Rupert Brooke 1887-1915

Hearts at peace, under an English heaven.
Rupert Brooke 1887-1915 The Soldier

If I should die, think only this of me:
That there's some corner of a foreign field
That is for ever England.
There shall be
In that rich earth a richer dust concealed.
Rupert Brooke 1887-1915 The Soldier


Gwendolyn Brooks, (1917-2000)

Abortions will not let you forget.
You remember the children you got that you did not get........
I have heard in the voices of the wind the voices of my dim killed children.
I have contracted. I have eased
My dim dears at the breasts they could never suck.
I have said, Sweets, if I sinned, if I seized
Your luck
And your lives from your unfinished reach,
If I stole your births and your names,
Your straight baby tears and your games,
Your stilted or lovely loves, your tumults, your marriages, aches,
and your deaths,If I poisoned the beginnings of your breaths,
Believe that even in my deliberateness I was not deliberate...............
Gwendolyn Brooks, The Mother


Phillips Brooks (1835-1893)

Bad will be the day for every man when he becomes absolutely contented with the life he is leading, with the thoughts he is thinking, with the deeds he is doing; when there is not forever beating at the doors of his soul some great desire to do something larger, which he knows that he was meant and made to do because he is still, in spite of all, the child of God.... Phillips Brooks (1835-1893)

Christianity helps us face the music even when we don't like the tune. --Phillips Brooks

I hear men praying everywhere for more faith, but when I listen to them carefully, and get to the real heart of their prayer, very often it is not more faith at all that they are wanting, but a change from faith to sight. Faith says not, "I see that it is good for me, so God must have sent it," but, "God sent it, and so it must be good for me." Faith, walking in the dark with God, only prays Him to clasp its hand more closely.... Phillips Brooks (1835-1893)

Jesus Christ, the condescension of divinity, and the exaltation of humanity.-- Phillips Brooks

I do not know how a man can be an American, even if he is not a Christian, and not catch something with regard to God's purpose as to this great land.- Phillips Brooks, _National Needs and Remedies_, 1890

The great danger facing all of us... is not that we shall make an absolute failure of life, nor that we shall fall into outright viciousness, nor that we shall be terribly unhappy, nor that we shall feel [that] life has no meaning at all -- not these things. The danger is that we may fail to perceive life's greatest meaning, fall short of its highest good, miss its deepest and most abiding happiness, be unable to tender the most needed service, be unconscious of life ablaze with the light of the Presence of God -- and be content to have it so -- that is the danger: that some day we may wake up and find that always we have been busy with husks and trappings of life and have really missed life itself. For life without God, to one who has known the richness and joy of life with Him, is unthinkable, impossible. That is what one prays one's friends may be spared -- satisfaction with a life that falls short of the best, that has in it no tingle or thrill that comes from a friendship with the Father. Phillips Brooks (1835-1893), Sermons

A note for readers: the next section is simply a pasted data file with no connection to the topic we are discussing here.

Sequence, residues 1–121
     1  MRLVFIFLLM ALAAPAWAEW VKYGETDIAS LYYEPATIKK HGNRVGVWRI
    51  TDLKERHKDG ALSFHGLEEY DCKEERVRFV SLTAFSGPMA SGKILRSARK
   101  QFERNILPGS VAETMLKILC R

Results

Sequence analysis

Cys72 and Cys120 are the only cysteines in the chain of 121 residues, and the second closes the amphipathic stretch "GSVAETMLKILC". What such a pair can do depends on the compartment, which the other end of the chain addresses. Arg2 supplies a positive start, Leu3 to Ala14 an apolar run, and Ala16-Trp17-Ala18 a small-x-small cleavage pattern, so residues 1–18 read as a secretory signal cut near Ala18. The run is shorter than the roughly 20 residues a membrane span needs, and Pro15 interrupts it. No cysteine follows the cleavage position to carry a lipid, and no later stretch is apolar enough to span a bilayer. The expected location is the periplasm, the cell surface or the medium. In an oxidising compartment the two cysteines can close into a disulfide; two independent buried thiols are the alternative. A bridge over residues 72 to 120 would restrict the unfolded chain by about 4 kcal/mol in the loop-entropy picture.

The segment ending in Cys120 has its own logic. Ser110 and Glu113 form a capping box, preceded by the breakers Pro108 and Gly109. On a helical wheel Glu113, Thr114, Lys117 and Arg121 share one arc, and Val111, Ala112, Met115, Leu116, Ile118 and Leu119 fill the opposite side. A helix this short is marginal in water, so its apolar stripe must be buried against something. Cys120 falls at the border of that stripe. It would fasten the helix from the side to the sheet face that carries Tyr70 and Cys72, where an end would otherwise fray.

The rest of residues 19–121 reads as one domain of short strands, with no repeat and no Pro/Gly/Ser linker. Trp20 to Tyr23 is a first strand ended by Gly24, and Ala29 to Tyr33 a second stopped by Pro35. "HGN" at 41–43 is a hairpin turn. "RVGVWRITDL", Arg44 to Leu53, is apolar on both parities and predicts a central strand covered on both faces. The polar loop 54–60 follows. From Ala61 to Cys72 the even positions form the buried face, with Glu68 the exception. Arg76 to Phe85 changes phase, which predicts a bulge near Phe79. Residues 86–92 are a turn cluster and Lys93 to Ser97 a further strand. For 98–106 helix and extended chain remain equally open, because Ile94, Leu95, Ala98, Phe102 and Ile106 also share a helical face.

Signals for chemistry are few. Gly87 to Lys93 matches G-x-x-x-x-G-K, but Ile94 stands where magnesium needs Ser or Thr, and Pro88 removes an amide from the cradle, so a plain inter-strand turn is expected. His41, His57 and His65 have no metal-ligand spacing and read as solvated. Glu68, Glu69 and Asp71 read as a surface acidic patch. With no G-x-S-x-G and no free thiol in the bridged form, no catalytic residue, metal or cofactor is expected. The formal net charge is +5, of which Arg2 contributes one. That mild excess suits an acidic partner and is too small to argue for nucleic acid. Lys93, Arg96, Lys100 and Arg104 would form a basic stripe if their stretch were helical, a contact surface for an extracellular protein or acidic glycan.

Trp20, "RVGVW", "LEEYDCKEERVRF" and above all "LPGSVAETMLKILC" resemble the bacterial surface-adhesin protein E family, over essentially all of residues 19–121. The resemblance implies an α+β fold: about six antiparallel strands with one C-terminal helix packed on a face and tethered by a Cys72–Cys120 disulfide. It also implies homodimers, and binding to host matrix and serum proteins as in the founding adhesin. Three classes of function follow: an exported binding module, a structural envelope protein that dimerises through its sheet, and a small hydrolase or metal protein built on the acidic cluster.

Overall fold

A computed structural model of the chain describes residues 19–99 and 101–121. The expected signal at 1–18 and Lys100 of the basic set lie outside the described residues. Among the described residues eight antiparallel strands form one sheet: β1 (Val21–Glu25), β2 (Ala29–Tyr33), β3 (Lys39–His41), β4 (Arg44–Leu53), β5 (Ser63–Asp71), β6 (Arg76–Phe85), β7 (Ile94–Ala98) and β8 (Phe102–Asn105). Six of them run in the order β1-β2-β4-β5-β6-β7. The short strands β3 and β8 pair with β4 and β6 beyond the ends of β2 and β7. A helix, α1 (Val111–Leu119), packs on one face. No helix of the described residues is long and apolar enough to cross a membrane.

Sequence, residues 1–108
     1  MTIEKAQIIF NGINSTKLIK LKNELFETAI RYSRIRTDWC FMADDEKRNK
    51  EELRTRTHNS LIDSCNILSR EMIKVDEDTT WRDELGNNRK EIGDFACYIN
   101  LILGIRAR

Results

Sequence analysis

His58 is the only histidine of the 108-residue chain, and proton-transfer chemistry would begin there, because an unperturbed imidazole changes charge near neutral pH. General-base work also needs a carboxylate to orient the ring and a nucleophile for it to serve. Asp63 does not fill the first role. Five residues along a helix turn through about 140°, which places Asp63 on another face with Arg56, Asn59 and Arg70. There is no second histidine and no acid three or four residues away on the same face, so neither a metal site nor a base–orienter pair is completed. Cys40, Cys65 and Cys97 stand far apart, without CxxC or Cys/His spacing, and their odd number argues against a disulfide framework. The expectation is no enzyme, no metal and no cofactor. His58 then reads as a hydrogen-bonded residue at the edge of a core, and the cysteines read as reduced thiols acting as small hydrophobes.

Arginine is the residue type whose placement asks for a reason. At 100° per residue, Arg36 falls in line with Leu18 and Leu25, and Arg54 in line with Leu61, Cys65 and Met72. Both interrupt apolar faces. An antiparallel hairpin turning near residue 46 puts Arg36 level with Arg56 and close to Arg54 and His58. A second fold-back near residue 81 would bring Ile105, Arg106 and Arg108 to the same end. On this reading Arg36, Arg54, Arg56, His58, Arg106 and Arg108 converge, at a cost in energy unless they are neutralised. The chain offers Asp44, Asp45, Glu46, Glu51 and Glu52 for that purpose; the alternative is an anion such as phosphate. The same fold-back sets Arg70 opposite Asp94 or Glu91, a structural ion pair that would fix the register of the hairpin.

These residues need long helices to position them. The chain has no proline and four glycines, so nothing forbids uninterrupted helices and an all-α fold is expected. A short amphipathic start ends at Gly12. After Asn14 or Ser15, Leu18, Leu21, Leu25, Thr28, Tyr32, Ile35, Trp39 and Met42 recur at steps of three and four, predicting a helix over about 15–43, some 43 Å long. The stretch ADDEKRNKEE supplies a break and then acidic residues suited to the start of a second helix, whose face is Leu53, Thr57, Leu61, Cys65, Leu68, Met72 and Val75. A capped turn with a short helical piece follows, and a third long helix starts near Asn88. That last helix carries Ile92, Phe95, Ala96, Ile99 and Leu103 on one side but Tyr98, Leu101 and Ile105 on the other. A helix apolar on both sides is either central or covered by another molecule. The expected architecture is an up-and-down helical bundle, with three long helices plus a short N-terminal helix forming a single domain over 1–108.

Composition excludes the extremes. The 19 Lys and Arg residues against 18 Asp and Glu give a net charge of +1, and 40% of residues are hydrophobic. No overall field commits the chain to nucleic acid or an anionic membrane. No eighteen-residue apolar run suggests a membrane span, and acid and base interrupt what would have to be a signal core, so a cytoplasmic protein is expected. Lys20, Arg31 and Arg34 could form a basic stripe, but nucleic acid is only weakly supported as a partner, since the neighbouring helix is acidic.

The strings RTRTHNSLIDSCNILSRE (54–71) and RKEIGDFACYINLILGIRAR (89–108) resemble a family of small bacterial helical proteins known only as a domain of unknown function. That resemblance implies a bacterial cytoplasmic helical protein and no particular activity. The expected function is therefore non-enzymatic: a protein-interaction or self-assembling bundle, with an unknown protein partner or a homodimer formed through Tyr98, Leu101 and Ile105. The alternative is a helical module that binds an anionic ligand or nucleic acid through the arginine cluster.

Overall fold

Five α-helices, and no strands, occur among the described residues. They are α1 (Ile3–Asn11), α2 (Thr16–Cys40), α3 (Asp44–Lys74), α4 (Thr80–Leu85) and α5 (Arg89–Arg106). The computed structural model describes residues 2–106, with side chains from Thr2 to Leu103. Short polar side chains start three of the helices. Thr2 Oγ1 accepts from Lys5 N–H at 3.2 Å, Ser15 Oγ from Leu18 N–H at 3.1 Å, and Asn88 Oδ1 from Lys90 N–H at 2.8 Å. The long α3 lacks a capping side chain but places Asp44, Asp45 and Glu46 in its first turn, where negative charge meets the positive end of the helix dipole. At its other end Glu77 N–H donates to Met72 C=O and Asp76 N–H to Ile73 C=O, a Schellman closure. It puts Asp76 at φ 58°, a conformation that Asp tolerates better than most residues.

Thomas Brooks (1608-1680)

A man's most glorious actions will at last be found to be but glorious sins, if he hath made himself, and not the glory of God, the end of those actions.Thomas Brooks

Believer, closet prayer will be found to be but a lifeless, comfortless thing, if you do not enjoy communion with God in it. That should be the very soul of all your closet duties, therefore press after it, as for life; when you go into your closet banish every thing that can hinder your enjoyment of Christ. - THOMAS BROOKS

Christians are not to receive anything lightly that concerns faith and salvation. They need to try and examine it over and over. We are not to reject an error ignorantly, but rationally; nor are we to embrace a truth till we have debated and examined whether it is a truth or not. --Thomas Brooks

Christ is a most precious commodity, he is better than rubies or the most costly pearls; and we must part with our old gold, with our shining gold, our old sins, our most shining sins, or we must perish forever. Christ is to be sought and bought with any pains, at any price; we can not buy this gold too dear. He is a jewel more worth than a thousand worlds, as all know who have him. Get him, and get all; miss him and miss all. --THOMAS BROOKS

Christ is the sun, and all the watches of our lives should be set by the dial of his motion.- Thomas Brooks

Christ never undertakes to heal any but he makes a certain cure, 'Those whom thou givest me I have kept, and none of them is lost' (John17:12). Other physicians can only cure them that are sick, but Christ cures them that are dead, 'And you hat he quickened who were dead in trespasses and sins' (Eph. 2:1). THOMAS BROOKS